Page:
one Lack of additional lighting
Light is necessary for the proper growth and development of plants. With a decrease in daylight hours, natural light decreases, which can adversely affect some varieties of indoor flowers. Usually it looks like this: the stems begin to stretch strongly, the leaves and inflorescences turn pale and fall off. Light-loving varieties feel this especially sharply: for example, roses, orchids, cacti.
To make the plants feel good, move the pots from the north or west windowsill to the south, if the layout allows. Regular washing and wiping of windows will also help. Finally, artificial supplementary lighting with a phytolamp can be provided.
2 Placement next to batteries
In autumn, the heating season begins, and the air in the room becomes drier. Houseplants are especially sensitive to this: the leaves become smaller, sometimes grow uneven, dry around the edges, and the flowers fall off. It is categorically impossible to put planters with moisture-loving varieties near the batteries.
It is difficult to help a plant that is constantly near the radiator: neither frequent watering nor spraying will bring a stable effect. To correct the situation, move the pot to another lighted place. If this is not possible, place the plant on a tray of water and gravel, or at least move the planter to the edge of the windowsill, away from the hot air. Also, if there is a desk or dining table nearby, you can rearrange the flower there.
3 Wrong watering
Many varieties of plants fall into hibernation in autumn, slow down or even stop their growth, stop flowering. This is necessary in order for the flower to gain strength before the new season. At this time, it is customary for a number of plants to reduce watering, helping them enter a state of suspended animation and winter comfortably.
If you neglect this rule and continue to moisten the soil as before, unpleasant consequences may occur: for example, soil rotting or the appearance of a fungus. This is because in autumn there is less sunlight on the flower, the air temperature is lower, and moisture evaporates longer than in summer. The second trouble that can happen due to frequent moisture in the fall is the depletion of the plant. Abundant watering will push the flower to further growth and prevent it from “falling asleep”. Because of this, he will not be able to recover and gain strength.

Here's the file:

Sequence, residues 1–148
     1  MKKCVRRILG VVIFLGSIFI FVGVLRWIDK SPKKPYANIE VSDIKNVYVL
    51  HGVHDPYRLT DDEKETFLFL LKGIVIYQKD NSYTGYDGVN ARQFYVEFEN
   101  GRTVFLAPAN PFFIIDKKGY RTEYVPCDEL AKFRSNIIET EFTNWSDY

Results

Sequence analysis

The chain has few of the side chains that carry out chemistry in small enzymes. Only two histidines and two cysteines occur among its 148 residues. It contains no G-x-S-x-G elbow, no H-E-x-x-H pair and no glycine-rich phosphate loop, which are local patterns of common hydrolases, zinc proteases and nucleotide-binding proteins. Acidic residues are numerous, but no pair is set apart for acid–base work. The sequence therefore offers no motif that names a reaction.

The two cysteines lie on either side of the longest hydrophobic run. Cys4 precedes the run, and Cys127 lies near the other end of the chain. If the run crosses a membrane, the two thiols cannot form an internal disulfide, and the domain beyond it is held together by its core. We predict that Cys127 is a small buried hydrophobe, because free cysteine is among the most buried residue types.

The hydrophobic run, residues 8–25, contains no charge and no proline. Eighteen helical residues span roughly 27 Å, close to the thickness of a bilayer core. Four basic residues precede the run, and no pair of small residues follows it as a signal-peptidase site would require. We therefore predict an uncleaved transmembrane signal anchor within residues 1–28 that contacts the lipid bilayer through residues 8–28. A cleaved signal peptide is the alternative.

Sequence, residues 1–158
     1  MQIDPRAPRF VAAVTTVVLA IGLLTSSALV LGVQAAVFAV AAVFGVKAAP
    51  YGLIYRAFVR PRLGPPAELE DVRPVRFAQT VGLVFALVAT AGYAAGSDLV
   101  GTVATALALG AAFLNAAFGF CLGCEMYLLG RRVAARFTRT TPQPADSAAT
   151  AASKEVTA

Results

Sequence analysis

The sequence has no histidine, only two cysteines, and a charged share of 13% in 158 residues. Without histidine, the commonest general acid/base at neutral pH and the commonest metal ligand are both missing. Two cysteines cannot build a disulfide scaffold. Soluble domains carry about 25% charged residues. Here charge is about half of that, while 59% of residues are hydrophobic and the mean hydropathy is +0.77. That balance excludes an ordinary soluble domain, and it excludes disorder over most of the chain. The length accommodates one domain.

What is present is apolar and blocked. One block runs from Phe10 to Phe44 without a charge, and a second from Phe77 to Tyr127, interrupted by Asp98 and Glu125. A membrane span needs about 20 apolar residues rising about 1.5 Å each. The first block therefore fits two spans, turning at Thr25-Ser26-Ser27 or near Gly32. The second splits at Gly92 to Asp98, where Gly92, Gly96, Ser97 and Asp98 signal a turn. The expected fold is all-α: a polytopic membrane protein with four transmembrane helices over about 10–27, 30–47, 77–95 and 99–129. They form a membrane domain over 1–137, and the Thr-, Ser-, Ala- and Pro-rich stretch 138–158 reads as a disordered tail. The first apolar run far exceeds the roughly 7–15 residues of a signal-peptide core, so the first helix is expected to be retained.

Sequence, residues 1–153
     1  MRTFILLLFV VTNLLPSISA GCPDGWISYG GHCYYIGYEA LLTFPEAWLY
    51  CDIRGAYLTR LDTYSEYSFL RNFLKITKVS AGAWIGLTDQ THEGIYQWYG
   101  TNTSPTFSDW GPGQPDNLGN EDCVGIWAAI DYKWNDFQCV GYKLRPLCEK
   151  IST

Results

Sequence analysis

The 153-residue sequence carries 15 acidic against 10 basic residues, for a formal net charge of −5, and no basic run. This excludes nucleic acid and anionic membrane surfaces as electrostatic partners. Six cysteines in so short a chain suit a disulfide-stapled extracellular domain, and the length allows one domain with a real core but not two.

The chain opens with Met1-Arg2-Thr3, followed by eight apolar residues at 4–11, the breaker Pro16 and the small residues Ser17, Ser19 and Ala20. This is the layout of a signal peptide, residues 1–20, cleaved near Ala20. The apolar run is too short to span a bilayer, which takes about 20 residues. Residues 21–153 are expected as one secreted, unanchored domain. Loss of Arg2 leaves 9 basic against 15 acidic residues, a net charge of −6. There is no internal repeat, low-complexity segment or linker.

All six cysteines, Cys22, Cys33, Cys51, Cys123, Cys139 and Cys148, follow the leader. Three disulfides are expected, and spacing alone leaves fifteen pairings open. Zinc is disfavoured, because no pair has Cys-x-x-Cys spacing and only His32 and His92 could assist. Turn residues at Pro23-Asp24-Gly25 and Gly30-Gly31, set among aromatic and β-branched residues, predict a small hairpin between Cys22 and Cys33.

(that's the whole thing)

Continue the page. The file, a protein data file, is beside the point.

four Frequent top dressing
Fertilization is also suspended in autumn. The reason is all in the same period of rest. What will happen if you fertilize as intensively as in summer? The plant will continue to grow and develop, may even bloom. But then unexpected consequences will come: a decrease in daylight hours will lead to the fact that it simply will not find the strength to preserve colors. All of them will fall, not having time to blossom. Another option is also possible: some of the flowers and young shoots will remain in place, but the mature leaves will begin to crumble, due to which the branches will remain half naked. The plant, throwing all its forces into the preservation and development of the flower, will actually exist to the detriment of itself and may not survive this period at all.
5 Regular long airing
Fresh air in the room is necessary, but some plants do not like frequent airing in the cold season. This is especially true of tropical varieties like orchids. A constant flow of air from the street can affect the microclimate around the flower, lower the temperature, and create drafts. Many indoor flowers categorically do not tolerate this and can shed some of the leaves or even die. Of course, you should not refuse fresh air, but for the time that the window is open, it is better to rearrange the planter with the plant to another window sill.